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Airway innate immunity

Yi-Lin Zhang, Peng-Xiao Chen, Wei-Jie Guan, Hong-Mei Guo, Zhuo-Er Qiu, Jia-Wen Xu, Yu-Li Luo, Chong-Feng Lan, Jian-Bang Xu, Yuan Hao, Ya-Xia Tan, Ke-Nan Ye, Zhao-Rong Lun, Lei Zhao, Yun-Xin Zhu, Jiehong Huang, Wing-Hung Ko, Wei-De Zhong, Wen-Liang Zhou, Nan-Shan Zhong
Airway epithelial cells harbor the capacity of active Cl- transepithelial transport and play critical roles in modulating innate immunity. However, whether intracellular Cl- accumulation contributes to relentless airway inflammation remains largely unclear. This study showed that, in airway epithelial cells, intracellular Cl- concentration ([Cl- ]i ) was increased after Pseudomonas aeruginosa lipopolysaccharide (LPS) stimulation via nuclear factor-κB (NF-κB)-phosphodiesterase 4D (PDE4D)-cAMP signaling pathways...
March 15, 2018: Mucosal Immunology
Marie Pariollaud, Julie Gibbs, Thomas Hopwood, Sheila Brown, Nicola Begley, Ryan Vonslow, Toryn Poolman, Baoqiang Guo, Ben Saer, D Heulyn Jones, James P Tellam, Stefano Bresciani, Nicholas Co Tomkinson, Justyna Wojno-Picon, Anthony Wj Cooper, Dion A Daniels, Ryan P Trump, Daniel Grant, William Zuercher, Timothy M Willson, Andrew S MacDonald, Brian Bolognese, Patricia L Podolin, Yolanda Sanchez, Andrew Si Loudon, David W Ray
Recent studies reveal that airway epithelial cells are critical pulmonary circadian pacemaker cells, mediating rhythmic inflammatory responses. Using mouse models, we now identify the rhythmic circadian repressor REV-ERB as essential to the mechanism coupling the pulmonary clock to innate immunity, involving both myeloid, and bronchial epithelial cells in temporal gating and determining amplitude of response to inhaled endotoxin. Dual mutation of REV-ERBα and its paralog REV-ERBβ in bronchial epithelia further augmented inflammatory responses and chemokine activation, but also initiated a basal inflammatory state, revealing a critical homeostatic role for REV-ERB proteins in the suppression of the endogenous pro-inflammatory mechanism in un-challenged cells...
March 13, 2018: Journal of Clinical Investigation
Masakatsu Yamashita, Makoto Kuwahara
Although Bach2 (broad complex-tramtrack-bric a brac and Cap'n'collar homology 2) plays an important role in regulating Th2 cell differentiation and type-2 immune responses, the underlying molecular mechanisms remain unclear. Our current studies demonstrate that Bach2 associates with Batf (basic leucine zipper transcription factor ATF-like) family transcription factors and binds to the regulatory regions of the Th2 cytokine gene loci. The Bach2-Batf complex antagonizes the recruitment of the interferon regulatory factor 4 (Irf4)-containing Batf complex to activator protein 1 (AP-1) motifs in the Th2 cytokine gene locus and suppresses Th2 cytokine production and/or Th2 cell differentiation...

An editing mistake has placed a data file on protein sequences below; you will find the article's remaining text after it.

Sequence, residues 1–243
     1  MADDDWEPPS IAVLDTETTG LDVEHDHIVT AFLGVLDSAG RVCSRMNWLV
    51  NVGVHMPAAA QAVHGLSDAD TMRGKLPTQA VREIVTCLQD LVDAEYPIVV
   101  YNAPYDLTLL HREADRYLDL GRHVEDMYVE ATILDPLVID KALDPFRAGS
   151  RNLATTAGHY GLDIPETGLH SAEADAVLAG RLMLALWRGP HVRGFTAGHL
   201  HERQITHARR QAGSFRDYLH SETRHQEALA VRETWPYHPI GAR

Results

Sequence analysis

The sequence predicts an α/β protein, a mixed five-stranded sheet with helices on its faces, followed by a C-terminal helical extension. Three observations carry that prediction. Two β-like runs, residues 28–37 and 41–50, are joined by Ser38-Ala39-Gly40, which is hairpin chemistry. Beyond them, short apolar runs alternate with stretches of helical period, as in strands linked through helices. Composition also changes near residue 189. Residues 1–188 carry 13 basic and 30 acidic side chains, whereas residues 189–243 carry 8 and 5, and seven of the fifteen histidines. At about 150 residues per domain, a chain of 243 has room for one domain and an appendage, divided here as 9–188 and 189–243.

February 24, 2018: International Immunology
Clare A Stokes, Alison M Condliffe
Defining features of chronic airway diseases include abnormal and persistent inflammatory processes, impaired airway epithelial integrity and function, and increased susceptibility to recurrent respiratory infections. Phosphoinositide 3-kinases (PI3K) are lipid kinases, which contribute to multiple physiological and pathological processes within the airway, with abnormal PI3K signalling contributing to the pathogenesis of several respiratory diseases. Consequently, the potential benefit of targeting PI3K isoforms has received considerable attention, being viewed as a viable therapeutic option in inflammatory and infectious lung disorders...
March 9, 2018: Biochemical Society Transactions
Charu Rajput, Megan P Walsh, Breanna N Eder, Ediri E Metitiri, Antonia P Popova, Marc B Hershenson